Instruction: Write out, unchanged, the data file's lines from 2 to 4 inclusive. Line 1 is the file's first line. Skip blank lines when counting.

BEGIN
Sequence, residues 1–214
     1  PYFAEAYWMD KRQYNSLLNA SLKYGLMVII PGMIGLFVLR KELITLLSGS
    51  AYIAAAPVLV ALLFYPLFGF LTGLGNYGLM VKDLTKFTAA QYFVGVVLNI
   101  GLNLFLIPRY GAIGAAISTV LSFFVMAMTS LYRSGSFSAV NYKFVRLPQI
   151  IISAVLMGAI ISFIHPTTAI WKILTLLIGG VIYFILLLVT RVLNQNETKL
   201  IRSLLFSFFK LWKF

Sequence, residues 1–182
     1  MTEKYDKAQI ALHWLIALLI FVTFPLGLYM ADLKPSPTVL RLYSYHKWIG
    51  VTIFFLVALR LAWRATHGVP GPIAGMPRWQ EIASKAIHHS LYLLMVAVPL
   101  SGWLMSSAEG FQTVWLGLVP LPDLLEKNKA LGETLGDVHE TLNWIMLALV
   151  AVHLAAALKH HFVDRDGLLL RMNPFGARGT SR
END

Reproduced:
     1  PYFAEAYWMD KRQYNSLLNA SLKYGLMVII PGMIGLFVLR KELITLLSGS
    51  AYIAAAPVLV ALLFYPLFGF LTGLGNYGLM VKDLTKFTAA QYFVGVVLNI
   101  GLNLFLIPRY GAIGAAISTV LSFFVMAMTS LYRSGSFSAV NYKFVRLPQI